Jesus returned to a life of obscurity. The stories of the angels singing to shepherds had been forgotten and the appearance of the magi had only been remembered by those individuals who had lost their infants during Herod’s paranoid rampage. For thirty years, a lifetime, the stories of the anointed king being alive among them had been forgotten.
But there was one guy who remembered. A man whose emergence to this world was nearly as miraculous as that of Jesus’s, John. John’s father was a priest in the temple thirty years prior to this day. His father was the one that symbolically carried the prayers of the people and presented them before the Lord in the sacrificial burning of incense on the altar in the holy place. His father, while doing this most precious service was visited by an angel and was told that he was going to be a father of a very important child. And his father being a mature man at the time and married to a mature woman, questioned God and as a result was silent until the child was given the name John.
John remembered what everyone else forgot. There was a short revival in the religious community during the early years of his life, but he had watched that revival rise and fall. And for thirty years he had observed his nation turn to the world instead of God. John would have been a child of privilege. He was a son of a priest and because of this when the time came for him to pass from a child to become a man, he did not go into obscurity, but he would have been ushered into the presence of the teachers. Since he was a child of a priest that had seen an angel in the temple, and that vision was confirmed by the sign of silence, John would have been sought by the greatest of teachers in Judea. The people knew John, they remembered John, but Jesus they had forgotten.
Jesus spent seventeen years building; John had spent those years learning to be a priest. Priests were trained for twelve years before they could begin to serve in the temple at the age of twenty-five. For those years John would have been taught, but there would have been something that remained in John’s mind all those years. A story that his mom used to tell him, of her young cousin that came to visit when he was still in the womb and how when she came to visit how excited he had become. He would have remembered the stories from his father, how for nine months he had to endure his wife’s talking without being able to speak a single word even if he wanted to. John spent those years of training listening to the teaching of the rabbis, learning how to do the proper actions and to say the right words. He spent years learning and remembering while the rest of the world forgot.
When the time came for him to enter the temple service, John could not proceed. He had watched and learned. He saw that everything he was trained to do was empty ritual at best and exploitation at worst. And when the time came for him to follow his father into service, John left the temple and went out into the wilderness. He began to speak out against the very temple he had been groomed to serve. He went out into the wilderness screaming to those that would listen to repent because the Kingdom was at hand. He screamed because he was the only one that remembered what had happened thirty years ago. He was the only one that remembered that there was one living just a few miles to the north of where he was standing that could take away the sins of the world. He was the only one that remembered in a nation that had already forgotten.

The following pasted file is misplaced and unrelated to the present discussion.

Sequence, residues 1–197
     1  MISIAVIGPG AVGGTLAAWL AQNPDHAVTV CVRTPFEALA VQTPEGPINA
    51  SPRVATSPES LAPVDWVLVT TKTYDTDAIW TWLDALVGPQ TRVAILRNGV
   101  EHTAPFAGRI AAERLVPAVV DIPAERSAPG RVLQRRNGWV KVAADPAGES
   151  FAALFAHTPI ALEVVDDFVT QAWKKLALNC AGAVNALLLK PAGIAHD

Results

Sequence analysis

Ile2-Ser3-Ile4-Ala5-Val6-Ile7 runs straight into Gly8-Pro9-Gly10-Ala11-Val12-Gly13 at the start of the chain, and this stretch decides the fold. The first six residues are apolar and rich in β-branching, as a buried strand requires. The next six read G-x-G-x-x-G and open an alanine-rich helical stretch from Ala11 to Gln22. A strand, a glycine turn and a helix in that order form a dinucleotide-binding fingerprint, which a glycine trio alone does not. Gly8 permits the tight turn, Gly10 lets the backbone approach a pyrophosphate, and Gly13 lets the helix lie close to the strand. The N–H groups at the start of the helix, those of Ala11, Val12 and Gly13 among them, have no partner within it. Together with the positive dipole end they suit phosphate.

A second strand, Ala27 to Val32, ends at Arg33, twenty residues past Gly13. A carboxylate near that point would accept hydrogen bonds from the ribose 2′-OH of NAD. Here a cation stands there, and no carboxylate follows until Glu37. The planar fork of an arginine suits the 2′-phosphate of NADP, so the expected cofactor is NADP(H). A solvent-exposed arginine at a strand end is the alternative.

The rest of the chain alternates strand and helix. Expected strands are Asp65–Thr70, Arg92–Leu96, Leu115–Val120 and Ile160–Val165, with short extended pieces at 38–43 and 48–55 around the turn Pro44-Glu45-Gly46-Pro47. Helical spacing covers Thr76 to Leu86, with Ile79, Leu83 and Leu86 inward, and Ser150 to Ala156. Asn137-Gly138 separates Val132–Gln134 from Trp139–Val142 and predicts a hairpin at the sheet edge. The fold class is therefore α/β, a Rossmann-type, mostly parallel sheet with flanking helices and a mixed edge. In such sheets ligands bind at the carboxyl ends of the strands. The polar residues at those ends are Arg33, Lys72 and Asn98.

Then Jesus came from Galilee to be Jordan to John, to be baptized by him. We so often look at this passage from an institutional framework and we forget or do not even see what is going on. The king has lived thirty years in obscurity and the priest thirty years in privilege. Emmanuel had been rejected already, and the only priest that remembered his presence had rejected the institution that forgot their reason to exist. The temple was the physical representation of who Jesus was. Yet when he came seventeen years prior, they had let his parents take him back to Nazareth to become a builder, and instead they chose the son of the priest to train. John looked at that system and he rejected it. And he screamed from Jordan’s banks you have forgotten, you have rejected God, you must repent and be cleansed. You too must pass through the Jordan because you are not worthy to be called Israel because you had seen the coming of the Kingdom and you failed to recognize it. Do we see what is really going on in this passage or is it simply something of an institution for us?
Then Jesus came from Galilee to the Jordan to John, to be baptized by him. For thirty years, John had watched as Israel rejected truth. For twelve years, John had been trained in the institutional aspects of the religious orders. For five years, he had to struggle with his response to the system, and John chose to leave Jerusalem and he cried in the wilderness and he baptized all that would come out to listen. He cried out in the wilderness baptizing Jew and Gentile, he preached and proclaimed the gospel that the kingdom is at hand. He was out in that wasteland trying to turn people’s attention to the God that they were rejecting. He would tell those that came out there that He baptizes with water, but the one they really need to look for, the one they should really follow is coming after him. The one they really need to watch is so much greater than he that he is not even worthy of washing his feet. And that one is going to baptize, not with water, but with the spirit and with fire.